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Don't fix a working formula. - 80%

ConorFynes, August 13th, 2012

Iron Maiden's career is a perfect example of one that managed to not only achieve greatness, but maintain it with a relative consistency. Sure, there are a handful of albums from the nineties that are generally considered 'weaker' than the others, but when some fans of the band- myself included- regard a lot of their new stuff to be on par with the classic material, that's damned near unheard of. Upon the release of "The Final Frontier" (Maiden's fifteenth studio release to date), the band had been together for the better part of 35 years in one shape or another. Admittedly, their style has not changed much this time around, although given that their sound has earned them a cross-generational legion of fans, this isn't such a bad thing. "The Final Frontier" is an epic quest of heavy metal, and it's home to some of the best tracks the band has ever done.

Iron Maiden may have generally stuck to a signature sound throughout their career, yet especially since 2000's "Brave New World", they have been going down a more progressive path with their music. Maiden already had plenty of experience with the proggy, epic form of metal throughout the eighties; "Phantom of the Opera", "Alexander the Great", and "Rime of the Ancient Mariner" all come to mind. With "Brave New World" however, the progressive direction they had always acknowledged began to take a greater step forward. Of the three new millennium albums that came before this, "The Final Frontier" rests at a general par. It may be a tit less consistent than "Brave New World" or even "A Matter of Life and Death", yet it makes up for it with its highlights. As "Dance of Death" impressed me most with "Paschendale" and its haunting title track, "The Final Frontier"s greatest contribution to Maiden's discography is through a few of its best moments.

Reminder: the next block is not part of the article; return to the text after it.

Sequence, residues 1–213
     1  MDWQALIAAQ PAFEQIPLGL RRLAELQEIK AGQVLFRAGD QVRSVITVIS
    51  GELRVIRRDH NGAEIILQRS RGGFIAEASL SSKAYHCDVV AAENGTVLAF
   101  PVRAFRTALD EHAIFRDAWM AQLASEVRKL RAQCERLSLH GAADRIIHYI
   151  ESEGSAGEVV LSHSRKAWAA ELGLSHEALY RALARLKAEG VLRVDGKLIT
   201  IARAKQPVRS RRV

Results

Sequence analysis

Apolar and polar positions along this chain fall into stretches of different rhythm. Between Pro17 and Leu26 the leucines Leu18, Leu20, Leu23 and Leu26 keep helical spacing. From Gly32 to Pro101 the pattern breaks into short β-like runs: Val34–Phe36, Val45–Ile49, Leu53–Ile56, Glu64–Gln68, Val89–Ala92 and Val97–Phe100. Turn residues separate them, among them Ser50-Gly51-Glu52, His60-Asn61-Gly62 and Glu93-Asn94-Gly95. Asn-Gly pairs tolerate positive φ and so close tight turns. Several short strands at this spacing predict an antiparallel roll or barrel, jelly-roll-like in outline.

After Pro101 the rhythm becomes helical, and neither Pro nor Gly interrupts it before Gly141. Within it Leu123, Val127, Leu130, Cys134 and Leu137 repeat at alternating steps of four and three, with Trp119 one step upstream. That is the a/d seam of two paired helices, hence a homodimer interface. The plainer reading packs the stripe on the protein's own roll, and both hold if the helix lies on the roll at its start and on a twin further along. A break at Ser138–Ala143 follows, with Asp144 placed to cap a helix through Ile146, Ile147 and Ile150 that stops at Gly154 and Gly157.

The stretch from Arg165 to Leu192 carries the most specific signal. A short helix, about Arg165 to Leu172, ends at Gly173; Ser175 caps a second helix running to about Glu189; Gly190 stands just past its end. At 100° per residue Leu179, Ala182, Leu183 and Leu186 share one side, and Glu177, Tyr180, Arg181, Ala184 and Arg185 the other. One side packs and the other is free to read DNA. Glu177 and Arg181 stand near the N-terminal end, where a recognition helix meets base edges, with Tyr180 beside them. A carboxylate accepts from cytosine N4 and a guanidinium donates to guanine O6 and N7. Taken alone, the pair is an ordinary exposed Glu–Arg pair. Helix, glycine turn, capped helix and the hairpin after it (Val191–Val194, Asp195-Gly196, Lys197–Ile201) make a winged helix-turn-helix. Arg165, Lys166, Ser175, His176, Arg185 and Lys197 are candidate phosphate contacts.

Among these 'highlights' are the eerie opener "Satellite 15... The Final Frontier", an intensely atmospheric introduction recalling Dickinson's work with Ayreon, building up gradually and making way for a rock-oriented latter half. "The Man Who Would Be King" is a progressive powerhouse with some of the album's best guitar work. Above all else however, is the epic "When the Wild Wind Blows". Based on a similarly titled animated film, it's a sombre piece of music that tackles the topic of nuclear war from the everyman's perspective. Unlike a million thrash metal bands who may fetishize nuclear war as something 'epic' or extreme, "The Final Frontier"s highlight focuses on the feelings of confusion and helplessness that arise from the catastrophe. Within ten minutes, "When the Wild Wind Blows" enjoys an impressive emotional arc, ranging from the intimate to the balls-out epic. It was a real joy to hear something like this on one of the band's latest releases- one of my now-favourite Maiden tracks, and on I would rank up there with the band's longstanding epics.

The instrumentation is a little more laid back on "The Final Frontier" than they have been in the past. The guitar solos are still as fiery as ever, but Iron Maiden put less of an emphasis on speed here than they did on "A Matter of Life and Death" and prior. In its place, Maiden's proggy undertones have taken a step up. In the end however, these changes are minute in the overall scope. Iron Maiden are largely up to their old tricks once again, and though some fans will be disappointed to hear the development (or lack thereof) in the band's sound, their style still sounds fresh and vital.